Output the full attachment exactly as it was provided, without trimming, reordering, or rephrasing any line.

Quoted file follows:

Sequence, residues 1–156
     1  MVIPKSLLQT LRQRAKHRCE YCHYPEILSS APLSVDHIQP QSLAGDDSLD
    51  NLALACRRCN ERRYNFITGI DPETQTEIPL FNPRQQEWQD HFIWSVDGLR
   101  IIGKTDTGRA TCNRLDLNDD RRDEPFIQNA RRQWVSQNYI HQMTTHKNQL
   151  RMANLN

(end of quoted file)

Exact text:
Sequence, residues 1–156
     1  MVIPKSLLQT LRQRAKHRCE YCHYPEILSS APLSVDHIQP QSLAGDDSLD
    51  NLALACRRCN ERRYNFITGI DPETQTEIPL FNPRQQEWQD HFIWSVDGLR
   101  IIGKTDTGRA TCNRLDLNDD RRDEPFIQNA RRQWVSQNYI HQMTTHKNQL
   151  RMANLN